Scientific corner

Treatment options for children and adolescents with Inflammatory Bowel Disease: Is granulomonocytapheresis an effective alternative to drug therapy?

Tomotaka Tanaka 1Takayuki Yamamoto 2Koji Sawada 3Rodolfo Sacco 4 , Expert Rev Gastroenterol Hepatol. 2017 Aug;11(8):749-758.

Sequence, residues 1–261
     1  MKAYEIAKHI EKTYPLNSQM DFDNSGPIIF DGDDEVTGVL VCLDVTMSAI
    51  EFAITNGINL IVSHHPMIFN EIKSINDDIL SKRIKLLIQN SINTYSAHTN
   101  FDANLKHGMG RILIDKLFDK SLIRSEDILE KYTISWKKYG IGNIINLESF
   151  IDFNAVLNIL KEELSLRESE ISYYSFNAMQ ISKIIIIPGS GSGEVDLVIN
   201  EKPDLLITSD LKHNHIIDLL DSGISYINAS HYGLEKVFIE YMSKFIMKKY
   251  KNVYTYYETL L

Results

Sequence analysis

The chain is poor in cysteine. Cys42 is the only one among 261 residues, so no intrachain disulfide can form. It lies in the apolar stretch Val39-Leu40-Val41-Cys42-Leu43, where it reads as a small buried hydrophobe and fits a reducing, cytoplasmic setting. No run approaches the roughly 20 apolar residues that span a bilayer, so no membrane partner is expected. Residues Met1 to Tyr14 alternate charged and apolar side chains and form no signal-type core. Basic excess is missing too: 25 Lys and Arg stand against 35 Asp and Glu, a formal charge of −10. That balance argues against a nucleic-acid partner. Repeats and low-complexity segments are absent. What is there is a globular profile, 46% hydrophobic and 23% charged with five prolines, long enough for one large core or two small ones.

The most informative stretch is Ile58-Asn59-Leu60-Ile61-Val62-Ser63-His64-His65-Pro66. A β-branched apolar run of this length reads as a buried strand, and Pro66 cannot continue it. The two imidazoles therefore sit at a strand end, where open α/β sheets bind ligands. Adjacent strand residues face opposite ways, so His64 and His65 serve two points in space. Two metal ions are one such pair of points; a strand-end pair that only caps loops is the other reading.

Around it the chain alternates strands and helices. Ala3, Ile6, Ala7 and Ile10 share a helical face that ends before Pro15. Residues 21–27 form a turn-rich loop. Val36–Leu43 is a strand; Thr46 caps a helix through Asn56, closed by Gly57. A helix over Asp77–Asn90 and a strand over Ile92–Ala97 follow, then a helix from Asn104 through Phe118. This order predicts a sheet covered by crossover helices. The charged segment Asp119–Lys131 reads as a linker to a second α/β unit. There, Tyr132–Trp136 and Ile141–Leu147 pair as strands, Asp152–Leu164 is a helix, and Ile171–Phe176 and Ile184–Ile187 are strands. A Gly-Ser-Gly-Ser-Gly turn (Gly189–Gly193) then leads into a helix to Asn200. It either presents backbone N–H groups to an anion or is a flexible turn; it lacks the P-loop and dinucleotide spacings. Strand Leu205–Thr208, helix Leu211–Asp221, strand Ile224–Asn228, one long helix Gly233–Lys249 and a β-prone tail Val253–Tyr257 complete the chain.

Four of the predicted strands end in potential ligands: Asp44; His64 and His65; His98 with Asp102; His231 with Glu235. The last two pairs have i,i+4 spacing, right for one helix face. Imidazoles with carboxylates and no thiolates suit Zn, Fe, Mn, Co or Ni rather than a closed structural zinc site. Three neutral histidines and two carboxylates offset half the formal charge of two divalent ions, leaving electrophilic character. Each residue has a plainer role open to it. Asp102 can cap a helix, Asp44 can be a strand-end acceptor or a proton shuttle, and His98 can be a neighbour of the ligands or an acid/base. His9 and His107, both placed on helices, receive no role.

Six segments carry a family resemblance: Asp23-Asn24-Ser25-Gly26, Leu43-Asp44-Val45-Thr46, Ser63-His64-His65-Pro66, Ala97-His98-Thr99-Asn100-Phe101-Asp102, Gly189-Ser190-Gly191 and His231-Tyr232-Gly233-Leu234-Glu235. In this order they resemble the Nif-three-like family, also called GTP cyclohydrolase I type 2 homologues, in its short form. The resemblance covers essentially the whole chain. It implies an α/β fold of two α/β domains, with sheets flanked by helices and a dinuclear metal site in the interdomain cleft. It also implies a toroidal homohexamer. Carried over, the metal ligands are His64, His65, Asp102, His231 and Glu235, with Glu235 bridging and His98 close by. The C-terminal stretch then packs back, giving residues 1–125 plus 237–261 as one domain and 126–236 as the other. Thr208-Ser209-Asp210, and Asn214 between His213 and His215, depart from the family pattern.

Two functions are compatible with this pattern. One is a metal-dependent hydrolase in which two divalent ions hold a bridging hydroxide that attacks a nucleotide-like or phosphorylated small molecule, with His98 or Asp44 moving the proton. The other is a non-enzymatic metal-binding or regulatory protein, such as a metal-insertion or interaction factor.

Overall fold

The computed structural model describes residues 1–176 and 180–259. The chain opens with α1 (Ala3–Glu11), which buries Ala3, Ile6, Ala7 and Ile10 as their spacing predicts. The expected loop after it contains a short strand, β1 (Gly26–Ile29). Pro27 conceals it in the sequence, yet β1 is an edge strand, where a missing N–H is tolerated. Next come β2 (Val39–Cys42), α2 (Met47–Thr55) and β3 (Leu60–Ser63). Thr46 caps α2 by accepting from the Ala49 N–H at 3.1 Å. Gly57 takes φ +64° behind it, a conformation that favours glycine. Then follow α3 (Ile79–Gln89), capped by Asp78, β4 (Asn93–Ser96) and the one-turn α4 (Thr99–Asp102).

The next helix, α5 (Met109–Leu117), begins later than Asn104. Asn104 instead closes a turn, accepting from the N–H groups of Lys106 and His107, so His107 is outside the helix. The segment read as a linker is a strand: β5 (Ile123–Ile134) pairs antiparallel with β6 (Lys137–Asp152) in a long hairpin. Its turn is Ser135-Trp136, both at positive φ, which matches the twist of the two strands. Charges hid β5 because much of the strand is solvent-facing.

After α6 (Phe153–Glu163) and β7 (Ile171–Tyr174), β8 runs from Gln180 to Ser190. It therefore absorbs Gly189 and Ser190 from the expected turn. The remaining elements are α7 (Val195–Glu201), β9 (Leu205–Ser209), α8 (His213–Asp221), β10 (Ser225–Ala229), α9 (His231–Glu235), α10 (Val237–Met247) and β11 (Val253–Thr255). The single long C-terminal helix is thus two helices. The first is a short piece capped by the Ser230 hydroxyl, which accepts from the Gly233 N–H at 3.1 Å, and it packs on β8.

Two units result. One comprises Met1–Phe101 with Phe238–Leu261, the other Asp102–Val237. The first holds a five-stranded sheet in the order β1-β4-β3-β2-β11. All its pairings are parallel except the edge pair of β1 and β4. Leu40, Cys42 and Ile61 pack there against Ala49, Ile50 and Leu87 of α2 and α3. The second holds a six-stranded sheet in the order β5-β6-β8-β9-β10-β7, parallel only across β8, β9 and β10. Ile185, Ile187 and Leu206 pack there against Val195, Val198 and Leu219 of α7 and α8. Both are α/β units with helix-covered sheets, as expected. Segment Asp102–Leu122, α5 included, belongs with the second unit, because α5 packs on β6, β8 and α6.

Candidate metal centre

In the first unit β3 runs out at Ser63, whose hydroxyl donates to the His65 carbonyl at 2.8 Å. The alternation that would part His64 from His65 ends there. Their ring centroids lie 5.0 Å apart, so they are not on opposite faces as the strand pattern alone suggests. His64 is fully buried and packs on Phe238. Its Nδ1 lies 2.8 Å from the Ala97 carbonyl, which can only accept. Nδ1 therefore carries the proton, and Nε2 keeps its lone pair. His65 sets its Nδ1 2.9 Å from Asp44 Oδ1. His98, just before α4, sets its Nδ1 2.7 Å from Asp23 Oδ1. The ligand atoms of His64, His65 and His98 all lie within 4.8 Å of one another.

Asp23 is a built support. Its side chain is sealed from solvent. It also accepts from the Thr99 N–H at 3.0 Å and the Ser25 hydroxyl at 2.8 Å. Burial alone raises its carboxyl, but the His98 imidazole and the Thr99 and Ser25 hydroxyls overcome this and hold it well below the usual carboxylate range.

Patients with inflammatory bowel diseases (IBD) require life-long medications, which even if effective have the potential to cause adverse effects as additional morbidity factors. In pediatric patients, drug therapy has more serious limitations, including impaired physical and mental development. A non-drug therapeutic option is believed to be depletion of elevated and activated granulocytes and monocytes known to release inflammatory cytokines, like the CD14+CD16+ monocyte phenotype known to release tumor necrosis factor-α. Areas covered: Granulomonocyteapheresis (GMA) with an Adacolumn as a treatment option for IBD patients has been applied for the past 15 years. This article reviews the argument that GMA is a relevant and effective non-pharmacologic intervention in pediatric IBD setting. Expert commentary: GMA with an Adacolumn has shown promise in adult, pediatric, and adolescent patients with active IBD. There is evidence of post-GMA immunomodulation in terms of increased regulatory T-cell and B-cell activities. Additionally, patients who respond to GMA may attain a favorable long-term clinical course by avoiding pharmacologicals during an early phase of their active IBD. GMA has a good safety profile, especially in difficult-to-treat and pediatric settings. An additional trial is warranted to assess the efficacy of GMA in the early phase of pediatric IBD to optimize patient selection.

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